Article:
Long-term care services under Medicaid in Massachusetts, known as MassHealth, are available for eligible individuals who require assistance with activities of daily living (ADLs) and meet the program’s eligibility criteria. Long-term care services can be provided in various settings, but most popularly associated with nursing homes. 

Community-based programs aimed to help low-income seniors often use the same or similar eligibility requirements as MassHealth, and may provide certain long-term care services at the home or within assisted living. The Frail Elder Waiver, PACE, and various Veteran’s programs come to mind. Here’s an overview of how to receive long-term care under MassHealth:


Eligibility for long-term care services under MassHealth is primarily determined by income and asset limitations, as well as the need for long-term care services.

    • Applicants must meet specific income and asset limits, which can vary depending on the program and whether they are applying as a single individual or a married couple.
      • There are spousal protections in place to prevent the impoverishment of the spouse who does not need long-term care. These protections aim to ensure that the non-applicant spouse can maintain a certain level of income and assets. A married applicant where only one spouse is applying for long-term care generally has the most opportunity for strategic Medicaid planning to help protect net worth against the costs of care.
    • Applicants must have certain medical conditions where a level of care is required. The need for assistance with activities of daily living (such as bathing, dressing, eating, and mobility) and memory loss are all key factors in determining medical eligibility.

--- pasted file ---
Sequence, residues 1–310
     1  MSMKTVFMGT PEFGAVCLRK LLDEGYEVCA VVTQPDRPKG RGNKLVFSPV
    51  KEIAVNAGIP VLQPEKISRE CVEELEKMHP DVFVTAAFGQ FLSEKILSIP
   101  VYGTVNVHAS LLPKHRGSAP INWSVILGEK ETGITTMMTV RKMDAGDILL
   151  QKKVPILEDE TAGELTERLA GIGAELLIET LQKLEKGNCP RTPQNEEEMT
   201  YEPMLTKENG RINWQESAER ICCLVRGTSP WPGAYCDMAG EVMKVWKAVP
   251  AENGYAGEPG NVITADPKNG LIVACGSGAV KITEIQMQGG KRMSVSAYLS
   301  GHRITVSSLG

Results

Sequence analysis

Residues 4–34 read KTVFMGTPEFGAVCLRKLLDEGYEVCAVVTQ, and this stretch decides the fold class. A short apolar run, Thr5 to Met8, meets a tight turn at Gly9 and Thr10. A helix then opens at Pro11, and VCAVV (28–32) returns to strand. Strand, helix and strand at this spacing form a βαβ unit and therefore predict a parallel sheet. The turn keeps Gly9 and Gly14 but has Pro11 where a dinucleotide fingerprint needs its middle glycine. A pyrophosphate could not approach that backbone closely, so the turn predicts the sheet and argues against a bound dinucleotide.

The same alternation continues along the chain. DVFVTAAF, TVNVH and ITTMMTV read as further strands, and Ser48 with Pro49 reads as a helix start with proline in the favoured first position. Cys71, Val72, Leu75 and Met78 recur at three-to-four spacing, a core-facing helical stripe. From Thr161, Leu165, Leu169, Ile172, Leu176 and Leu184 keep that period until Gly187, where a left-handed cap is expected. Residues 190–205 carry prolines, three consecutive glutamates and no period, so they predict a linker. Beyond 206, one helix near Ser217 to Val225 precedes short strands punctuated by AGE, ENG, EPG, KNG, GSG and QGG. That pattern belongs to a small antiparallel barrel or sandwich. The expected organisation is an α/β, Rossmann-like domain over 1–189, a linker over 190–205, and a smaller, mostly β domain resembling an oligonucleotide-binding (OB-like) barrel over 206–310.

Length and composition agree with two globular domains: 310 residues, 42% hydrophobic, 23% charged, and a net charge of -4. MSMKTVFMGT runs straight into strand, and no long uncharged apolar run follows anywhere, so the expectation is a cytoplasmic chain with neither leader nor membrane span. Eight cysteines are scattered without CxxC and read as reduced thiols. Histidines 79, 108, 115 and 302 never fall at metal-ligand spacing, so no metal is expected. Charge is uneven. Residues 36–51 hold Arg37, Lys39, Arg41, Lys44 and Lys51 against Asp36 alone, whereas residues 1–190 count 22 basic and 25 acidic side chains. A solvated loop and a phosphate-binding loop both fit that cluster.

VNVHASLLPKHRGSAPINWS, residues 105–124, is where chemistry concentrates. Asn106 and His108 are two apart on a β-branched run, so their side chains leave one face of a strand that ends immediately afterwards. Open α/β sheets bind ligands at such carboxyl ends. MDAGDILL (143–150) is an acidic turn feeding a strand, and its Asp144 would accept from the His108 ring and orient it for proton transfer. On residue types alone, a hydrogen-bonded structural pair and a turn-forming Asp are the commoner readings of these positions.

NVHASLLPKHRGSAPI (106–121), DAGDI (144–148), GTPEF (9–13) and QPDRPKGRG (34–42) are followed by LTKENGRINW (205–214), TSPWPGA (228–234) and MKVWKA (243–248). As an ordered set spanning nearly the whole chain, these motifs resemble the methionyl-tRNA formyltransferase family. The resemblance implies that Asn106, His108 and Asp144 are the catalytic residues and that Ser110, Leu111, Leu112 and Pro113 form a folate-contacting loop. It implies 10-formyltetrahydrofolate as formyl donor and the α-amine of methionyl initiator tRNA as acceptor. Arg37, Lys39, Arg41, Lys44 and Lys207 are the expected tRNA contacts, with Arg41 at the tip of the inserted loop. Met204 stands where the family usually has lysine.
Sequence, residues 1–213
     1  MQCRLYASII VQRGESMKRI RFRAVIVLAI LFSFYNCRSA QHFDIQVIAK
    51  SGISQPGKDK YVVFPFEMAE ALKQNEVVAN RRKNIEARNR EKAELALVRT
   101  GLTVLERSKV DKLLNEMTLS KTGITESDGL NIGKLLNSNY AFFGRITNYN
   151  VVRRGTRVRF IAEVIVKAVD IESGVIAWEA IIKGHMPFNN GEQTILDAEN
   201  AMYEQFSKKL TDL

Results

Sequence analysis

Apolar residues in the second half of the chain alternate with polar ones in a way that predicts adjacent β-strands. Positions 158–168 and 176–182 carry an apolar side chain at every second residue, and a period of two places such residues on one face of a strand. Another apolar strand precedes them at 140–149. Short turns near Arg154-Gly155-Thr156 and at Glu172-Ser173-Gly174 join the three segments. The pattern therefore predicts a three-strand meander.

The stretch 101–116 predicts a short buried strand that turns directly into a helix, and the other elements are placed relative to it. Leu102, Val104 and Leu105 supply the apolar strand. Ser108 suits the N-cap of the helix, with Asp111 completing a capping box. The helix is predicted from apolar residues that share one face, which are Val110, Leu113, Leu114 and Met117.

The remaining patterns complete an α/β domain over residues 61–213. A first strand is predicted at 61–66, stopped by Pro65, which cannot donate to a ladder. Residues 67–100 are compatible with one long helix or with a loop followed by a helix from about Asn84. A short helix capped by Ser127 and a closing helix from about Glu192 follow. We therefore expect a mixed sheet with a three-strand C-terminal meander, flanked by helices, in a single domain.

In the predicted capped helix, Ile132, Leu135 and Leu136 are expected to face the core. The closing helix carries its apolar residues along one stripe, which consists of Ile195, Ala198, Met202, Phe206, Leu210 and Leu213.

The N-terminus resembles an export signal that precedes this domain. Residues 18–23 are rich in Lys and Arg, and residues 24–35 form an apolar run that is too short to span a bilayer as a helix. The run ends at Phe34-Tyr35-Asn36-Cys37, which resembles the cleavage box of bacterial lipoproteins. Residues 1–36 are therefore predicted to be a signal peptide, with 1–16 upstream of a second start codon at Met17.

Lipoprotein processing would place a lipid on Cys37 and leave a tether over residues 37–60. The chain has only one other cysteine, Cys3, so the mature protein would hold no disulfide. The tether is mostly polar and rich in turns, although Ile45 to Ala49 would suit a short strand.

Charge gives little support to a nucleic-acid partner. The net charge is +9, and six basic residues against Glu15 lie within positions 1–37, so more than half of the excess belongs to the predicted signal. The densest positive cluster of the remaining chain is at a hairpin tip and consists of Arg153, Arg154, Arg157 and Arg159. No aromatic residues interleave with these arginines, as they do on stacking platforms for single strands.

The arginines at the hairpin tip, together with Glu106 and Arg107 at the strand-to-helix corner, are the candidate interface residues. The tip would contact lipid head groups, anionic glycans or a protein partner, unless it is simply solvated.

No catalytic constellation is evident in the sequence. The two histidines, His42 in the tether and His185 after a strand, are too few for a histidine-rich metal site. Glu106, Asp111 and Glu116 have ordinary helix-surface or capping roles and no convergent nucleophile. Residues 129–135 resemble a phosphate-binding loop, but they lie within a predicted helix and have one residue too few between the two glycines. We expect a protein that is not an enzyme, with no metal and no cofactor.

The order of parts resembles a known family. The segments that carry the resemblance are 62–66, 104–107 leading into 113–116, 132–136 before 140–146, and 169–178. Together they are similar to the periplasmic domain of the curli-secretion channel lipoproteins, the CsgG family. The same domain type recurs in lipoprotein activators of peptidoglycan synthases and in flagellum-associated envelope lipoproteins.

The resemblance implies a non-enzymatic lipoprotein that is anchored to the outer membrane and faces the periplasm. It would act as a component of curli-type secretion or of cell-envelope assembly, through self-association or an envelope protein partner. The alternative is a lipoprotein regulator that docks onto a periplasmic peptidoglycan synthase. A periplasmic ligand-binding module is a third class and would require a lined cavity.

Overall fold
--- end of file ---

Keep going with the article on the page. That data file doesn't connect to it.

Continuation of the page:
To apply for MassHealth’s long-term care services, you can do so through Mass.gov, or with the help of a professional. The application is where financial eligibility is determined. Be armed with the applicant’s social security number, proof of income, and recent statements or policies to support the information provided on the application. 

I find that the application process is where families or applicants quickly realize they may be ineligible for services because they well-exceed asset requirements (this is not hard to do!)  Individual applicants must spend down to $2,000 excluding their primary residence. Married couples can have $2,000 in the applicant’s name and about $148,000 in the well spouse’s name. And in the worst case scenario of both spouse’s applying, only $3,000 between the two is allowed. While it’s not considered gifting to reposition assets between spouses (therefore not triggering the well-known 5-year look back), it can be tricky and time-consuming to accomplish when there are multiple accounts, multiple custodians, and a heavy concentration of retirement accounts. You can’t simply move a retirement account to a spouse’s name without a significant tax consequence. Learning about the ins and outs of financial eligibility as you prepare to fill out the application is where questions spring up about what’s considered countable assets, how to strategically spend down assets, etc. So who answers these questions?

2023 Medicaid Eligibility provided by the American Council on Aging. https://www.medicaidplanningassistance.org/medicaid-eligibility-massachusetts/